What else were you lot wearing back then? What else was in the mix?
Besides Polo, I wore Guess, Tommy Hilfiger, DKNY, Nautica, Gucci, Descente, Head, Prince, Sergio Tacchini and Coca-Cola. There was a lot of fresh brands we rocked.
Obviously the clothes were a big part of it, but what else was Lo Life about? What else was going on?
Everything that was a part of hip hop was happening. Remember this was 1988 the golden era of hip hop. But besides the clothes we did a lot of crime, partying and just running the streets. It was all about survival. So either you were a street kid or you played it safe and stayed out of trouble. But for us, we always found trouble, because most of the times we initiated it.
How has New York changed since the late 80s? Do you think you lot could get away with the same stuff if you were growing up now?
New York has definitely changed. The time I’m reflecting on is considered ‘The Old New York’. Nowadays, there are cameras everywhere. The city is filled with surveillance, so yes in the current times getting caught would be a realistic matter. Plus there are a lot more cops on the streets now. In the 1980s you had cops, but you also had crime fighters like ‘The Guardian Angels’ who also tried to prevent a lot of the madness from happening on the New York City streets. It worked sometimes, but for the most part, the criminals prevailed.
"We never played by the rules, we made our own rules."
But I know for a fact, if the Lo Life’s were committing the same acts in the 1980s in the new millennium a lot of us would be in jail for decades and life on the back of the sentence. Because a lot of Lo-Life’s are three time losers meaning they already have three felony convictions. So a fourth one will keep them incarcerated for life. 2018 is not the time to being doing anything stupid.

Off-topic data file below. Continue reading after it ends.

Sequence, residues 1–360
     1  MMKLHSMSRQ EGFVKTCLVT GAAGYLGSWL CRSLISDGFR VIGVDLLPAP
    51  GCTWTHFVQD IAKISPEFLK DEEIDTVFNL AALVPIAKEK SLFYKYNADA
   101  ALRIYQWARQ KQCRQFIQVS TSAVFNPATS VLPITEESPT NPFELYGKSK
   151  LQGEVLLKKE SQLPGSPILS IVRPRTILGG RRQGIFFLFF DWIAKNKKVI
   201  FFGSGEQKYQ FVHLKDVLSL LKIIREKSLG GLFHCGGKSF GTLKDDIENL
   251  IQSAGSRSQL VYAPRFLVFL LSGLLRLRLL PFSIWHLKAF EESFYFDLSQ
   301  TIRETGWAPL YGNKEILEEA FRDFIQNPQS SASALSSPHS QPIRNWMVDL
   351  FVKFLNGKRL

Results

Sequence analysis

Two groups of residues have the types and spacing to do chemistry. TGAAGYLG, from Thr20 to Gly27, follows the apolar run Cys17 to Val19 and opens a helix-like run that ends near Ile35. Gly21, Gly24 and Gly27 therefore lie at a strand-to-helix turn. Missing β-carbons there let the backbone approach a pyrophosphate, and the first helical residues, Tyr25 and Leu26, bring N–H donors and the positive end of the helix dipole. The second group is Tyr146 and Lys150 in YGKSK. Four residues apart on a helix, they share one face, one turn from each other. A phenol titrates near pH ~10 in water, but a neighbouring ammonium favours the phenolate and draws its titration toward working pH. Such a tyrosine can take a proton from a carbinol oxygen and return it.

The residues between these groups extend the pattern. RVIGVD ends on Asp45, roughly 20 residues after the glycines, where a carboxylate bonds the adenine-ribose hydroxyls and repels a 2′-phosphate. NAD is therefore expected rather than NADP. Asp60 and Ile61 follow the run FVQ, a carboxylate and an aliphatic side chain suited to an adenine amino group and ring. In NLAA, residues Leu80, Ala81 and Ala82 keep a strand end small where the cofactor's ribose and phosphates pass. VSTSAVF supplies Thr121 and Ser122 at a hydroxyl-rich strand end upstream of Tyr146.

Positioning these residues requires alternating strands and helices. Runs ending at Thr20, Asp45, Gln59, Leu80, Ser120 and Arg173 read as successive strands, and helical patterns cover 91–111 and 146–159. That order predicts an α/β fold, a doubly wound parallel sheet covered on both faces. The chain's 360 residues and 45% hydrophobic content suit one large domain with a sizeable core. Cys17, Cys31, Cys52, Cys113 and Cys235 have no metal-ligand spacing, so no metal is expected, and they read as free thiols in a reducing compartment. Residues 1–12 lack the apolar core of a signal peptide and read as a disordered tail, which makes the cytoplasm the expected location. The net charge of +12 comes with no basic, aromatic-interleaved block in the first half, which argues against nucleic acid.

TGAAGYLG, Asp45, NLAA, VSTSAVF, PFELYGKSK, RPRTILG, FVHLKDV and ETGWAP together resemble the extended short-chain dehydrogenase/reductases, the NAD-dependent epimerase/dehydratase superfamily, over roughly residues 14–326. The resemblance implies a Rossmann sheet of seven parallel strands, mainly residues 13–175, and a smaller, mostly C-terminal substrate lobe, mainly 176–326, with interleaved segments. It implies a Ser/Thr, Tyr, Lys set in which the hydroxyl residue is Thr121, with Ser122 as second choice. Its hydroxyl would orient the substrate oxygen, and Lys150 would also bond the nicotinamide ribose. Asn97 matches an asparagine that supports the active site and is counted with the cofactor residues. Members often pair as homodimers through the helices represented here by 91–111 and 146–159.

What are your thoughts on streetwear today? Now that kids can just sit on a computer and buy whatever they want, is it still ‘street’?
No, it’s not street. I’m not into the new fashion and styles — I like gear that stands the test of time. Nowadays, a lot of the brands don’t have staying power. Polo has been here since 1967 and it’s still so relevant — it’s timeless and will never go out of style.
This staying power is what all of the other brands fight and struggle for. Will they last for the next 10 or 20 years? I see clothing brands come and go so often.
Have you ever heard what Ralph thinks of all this?
Yes, Ralph had no choice but to acknowledge our movement. I never cared about meeting Ralph or none of that. He was a non-factor in my life as far as my aspirations are concerned. I’m a realist.
The Lo-Lifes go hand in hand with Ralph. In the same way he created a brand, so did the Lo-Lifes. We have come a long way and we are still on the front lines doing it big.
What do you get up to these days? What’s an average day like for you now?
Nowadays, I’m all about business, traveling, family, being a great husband and father and truly helping other people realize and pursue their dreams. I view myself as the Creative Director and Visionary in all that I engage in. I have a lot of great things coming down the pipeline.
Sounds good. Any wise words you’d like to add?
Yes, check out my book Lo Life: An American Classic. It feels great to be a published author, and this is just my first book, I have plenty of stories to tell.
Thank You! 2L’s Up and SaLLute!
Lo Life: An American Classic is available now. Get it here.
This interview was originally published in Pica~Post 14. Thanks to Madison at Powerhouse Books for the help.